• profile image


      6 years ago

      I had a very similar experience to your son Sam. I called my instructor the Gremlin after my test. He nitpicked everything I did. I failed because of parallel parking my first time. And a lot of it was over nerves. I dread the days I have to start teaching my kids.

    • Bookmama2 profile imageAUTHOR


      6 years ago

      @anonymous: It should, but the biggest help is practicing!

    • profile image


      6 years ago

      I continue to fail my driving test because of parallel parking! I hope this video helps.

    • profile image


      6 years ago

      great info

    • BrianColborne1 profile image


      6 years ago

      I liked your lens on parallell parking I think i will link to it on my lens as it definately provides value & helps my readers

    • Bookmama2 profile imageAUTHOR


      7 years ago

      @anonymous: Curmudgeon (Ha! I love that name), you make a lot of valid points. Thanks for stopping by and offering your thoughts.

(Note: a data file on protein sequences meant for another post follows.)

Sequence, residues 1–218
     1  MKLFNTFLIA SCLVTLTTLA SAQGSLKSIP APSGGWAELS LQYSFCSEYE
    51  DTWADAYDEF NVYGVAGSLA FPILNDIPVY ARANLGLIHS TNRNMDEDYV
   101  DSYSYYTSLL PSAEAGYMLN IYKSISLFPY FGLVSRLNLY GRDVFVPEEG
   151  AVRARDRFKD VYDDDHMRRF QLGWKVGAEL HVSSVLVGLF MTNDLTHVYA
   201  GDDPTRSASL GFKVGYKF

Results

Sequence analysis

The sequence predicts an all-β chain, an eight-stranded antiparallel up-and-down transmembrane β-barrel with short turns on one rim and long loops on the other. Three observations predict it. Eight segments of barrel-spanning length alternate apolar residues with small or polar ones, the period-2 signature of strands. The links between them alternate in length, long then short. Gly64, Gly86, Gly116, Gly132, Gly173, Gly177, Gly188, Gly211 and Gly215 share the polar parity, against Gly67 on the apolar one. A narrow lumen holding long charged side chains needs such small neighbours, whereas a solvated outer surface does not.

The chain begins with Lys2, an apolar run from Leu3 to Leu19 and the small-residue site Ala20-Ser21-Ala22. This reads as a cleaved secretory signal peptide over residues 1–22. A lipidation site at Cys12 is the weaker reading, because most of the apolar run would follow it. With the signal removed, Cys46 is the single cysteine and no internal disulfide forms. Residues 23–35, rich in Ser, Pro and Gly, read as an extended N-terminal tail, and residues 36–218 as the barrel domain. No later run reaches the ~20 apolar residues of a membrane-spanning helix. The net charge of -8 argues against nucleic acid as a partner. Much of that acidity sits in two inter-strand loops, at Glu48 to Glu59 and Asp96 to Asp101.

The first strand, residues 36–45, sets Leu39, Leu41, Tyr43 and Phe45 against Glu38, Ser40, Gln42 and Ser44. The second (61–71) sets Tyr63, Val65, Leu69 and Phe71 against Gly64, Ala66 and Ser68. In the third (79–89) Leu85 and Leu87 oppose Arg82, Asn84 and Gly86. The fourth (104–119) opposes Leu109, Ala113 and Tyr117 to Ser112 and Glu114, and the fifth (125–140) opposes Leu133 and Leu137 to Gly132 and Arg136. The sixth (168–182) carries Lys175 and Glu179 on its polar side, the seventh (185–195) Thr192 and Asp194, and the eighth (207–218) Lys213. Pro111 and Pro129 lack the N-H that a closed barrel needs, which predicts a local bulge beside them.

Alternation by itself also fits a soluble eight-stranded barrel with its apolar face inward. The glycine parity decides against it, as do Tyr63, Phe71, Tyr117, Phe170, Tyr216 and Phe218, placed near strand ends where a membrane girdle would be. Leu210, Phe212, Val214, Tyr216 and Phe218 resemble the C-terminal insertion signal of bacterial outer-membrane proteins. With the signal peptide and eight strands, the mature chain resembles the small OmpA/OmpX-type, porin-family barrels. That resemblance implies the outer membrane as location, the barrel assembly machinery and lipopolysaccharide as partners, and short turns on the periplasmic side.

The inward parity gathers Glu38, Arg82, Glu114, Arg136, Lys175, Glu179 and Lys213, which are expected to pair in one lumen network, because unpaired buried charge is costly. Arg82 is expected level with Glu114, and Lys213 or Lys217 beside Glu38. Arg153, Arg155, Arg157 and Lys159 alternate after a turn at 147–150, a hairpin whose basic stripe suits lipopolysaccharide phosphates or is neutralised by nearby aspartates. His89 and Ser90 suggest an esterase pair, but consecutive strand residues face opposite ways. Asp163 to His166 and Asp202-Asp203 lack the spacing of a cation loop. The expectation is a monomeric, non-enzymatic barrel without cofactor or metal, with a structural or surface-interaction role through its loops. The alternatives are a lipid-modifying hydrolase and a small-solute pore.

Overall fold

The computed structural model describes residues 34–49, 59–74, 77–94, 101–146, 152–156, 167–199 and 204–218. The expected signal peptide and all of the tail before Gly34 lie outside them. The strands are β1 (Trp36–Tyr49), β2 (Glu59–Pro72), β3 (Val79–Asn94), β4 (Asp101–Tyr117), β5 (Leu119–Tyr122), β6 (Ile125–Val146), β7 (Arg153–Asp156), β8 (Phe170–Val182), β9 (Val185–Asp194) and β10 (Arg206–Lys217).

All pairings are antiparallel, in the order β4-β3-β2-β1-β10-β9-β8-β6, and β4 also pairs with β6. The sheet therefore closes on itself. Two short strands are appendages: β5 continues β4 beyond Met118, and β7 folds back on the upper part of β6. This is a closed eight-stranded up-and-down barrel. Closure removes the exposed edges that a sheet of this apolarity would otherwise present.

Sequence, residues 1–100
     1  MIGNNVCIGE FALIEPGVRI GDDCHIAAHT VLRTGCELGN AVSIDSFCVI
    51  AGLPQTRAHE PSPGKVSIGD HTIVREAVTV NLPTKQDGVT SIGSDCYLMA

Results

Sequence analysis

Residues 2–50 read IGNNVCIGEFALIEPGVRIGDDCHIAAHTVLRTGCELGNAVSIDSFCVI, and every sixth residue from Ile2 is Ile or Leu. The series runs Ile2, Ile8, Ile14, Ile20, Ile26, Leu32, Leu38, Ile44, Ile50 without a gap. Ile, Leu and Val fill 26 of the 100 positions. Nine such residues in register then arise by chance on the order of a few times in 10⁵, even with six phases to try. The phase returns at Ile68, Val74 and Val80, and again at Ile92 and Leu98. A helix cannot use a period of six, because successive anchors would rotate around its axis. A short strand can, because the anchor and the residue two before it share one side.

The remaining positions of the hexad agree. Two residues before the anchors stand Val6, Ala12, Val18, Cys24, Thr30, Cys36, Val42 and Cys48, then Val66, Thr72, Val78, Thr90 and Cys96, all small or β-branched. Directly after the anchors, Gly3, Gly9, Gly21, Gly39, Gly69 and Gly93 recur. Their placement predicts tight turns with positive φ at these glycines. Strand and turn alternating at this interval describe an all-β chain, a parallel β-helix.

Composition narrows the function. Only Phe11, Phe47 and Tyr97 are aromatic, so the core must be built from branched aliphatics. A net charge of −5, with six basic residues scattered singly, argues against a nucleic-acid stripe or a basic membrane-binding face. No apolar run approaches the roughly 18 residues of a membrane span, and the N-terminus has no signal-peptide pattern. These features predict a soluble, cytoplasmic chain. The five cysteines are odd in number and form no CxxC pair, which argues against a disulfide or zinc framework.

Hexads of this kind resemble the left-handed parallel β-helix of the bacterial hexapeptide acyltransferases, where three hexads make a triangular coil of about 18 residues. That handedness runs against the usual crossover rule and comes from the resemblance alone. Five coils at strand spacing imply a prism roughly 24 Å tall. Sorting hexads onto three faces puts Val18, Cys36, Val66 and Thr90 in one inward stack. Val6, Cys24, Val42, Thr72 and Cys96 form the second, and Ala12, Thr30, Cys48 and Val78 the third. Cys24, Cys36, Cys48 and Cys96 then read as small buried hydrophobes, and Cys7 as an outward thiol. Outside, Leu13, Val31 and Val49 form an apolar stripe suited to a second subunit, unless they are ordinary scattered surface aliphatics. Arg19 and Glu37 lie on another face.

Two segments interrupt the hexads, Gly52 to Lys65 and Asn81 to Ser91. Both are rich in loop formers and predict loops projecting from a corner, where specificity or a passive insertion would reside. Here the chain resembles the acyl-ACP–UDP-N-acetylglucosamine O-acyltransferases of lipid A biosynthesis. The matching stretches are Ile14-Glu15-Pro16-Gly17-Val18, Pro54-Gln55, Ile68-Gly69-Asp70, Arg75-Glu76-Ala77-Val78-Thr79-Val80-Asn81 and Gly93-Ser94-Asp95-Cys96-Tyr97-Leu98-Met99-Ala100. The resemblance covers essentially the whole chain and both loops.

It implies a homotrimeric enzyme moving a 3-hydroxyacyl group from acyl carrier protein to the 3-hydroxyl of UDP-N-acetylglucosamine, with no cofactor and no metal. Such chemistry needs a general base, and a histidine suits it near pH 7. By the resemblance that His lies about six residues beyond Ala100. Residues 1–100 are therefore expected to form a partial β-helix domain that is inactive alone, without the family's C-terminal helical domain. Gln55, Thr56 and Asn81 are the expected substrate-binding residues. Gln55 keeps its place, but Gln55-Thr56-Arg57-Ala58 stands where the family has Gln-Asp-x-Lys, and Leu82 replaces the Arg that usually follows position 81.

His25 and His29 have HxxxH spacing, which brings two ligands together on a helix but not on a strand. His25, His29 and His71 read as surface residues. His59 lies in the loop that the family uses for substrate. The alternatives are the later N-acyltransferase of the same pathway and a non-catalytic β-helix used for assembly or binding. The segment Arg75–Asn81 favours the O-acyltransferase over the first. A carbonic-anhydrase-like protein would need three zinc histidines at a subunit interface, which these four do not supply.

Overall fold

• profile image


      7 years ago

      Although not an often occurrence, I do find times when parallel parking is the only option. So, it is a useful skill, but beyond that I think it teaches new drivers more about car control than normal maneuvering because it forces the driver to consider how the steering inputs are going to position the car.

      Yes, parallel parking is a challenge, but what's wrong with a challenge? Trying to remove this from the driving test is just another example of our relentless efforts at 'dumbing down' America.

      I spent several years in Europe, and had to take the UK driving exam. It's much, much harder than the driving tests in America. One mistake and you fail. However, the result is that by and large the average UK driver is more skilled and competent behind the wheel than the average American driver.

      I think we'd all be better off making the driving tests harder in this country, not easier. I also think the driving portion of the test should have to be repeated every so many renewels. People tend to think that just because they've been driving for 40 years that they're a good driver, when in reality they've managed to pick up some pretty bad habits behind the wheel.

    • Cinnamonbite profile image


      7 years ago

      Since my driving test 30 years ago, I have NEVER parallel parked. Or parked on a hill. Those tests should take into consideration where you live.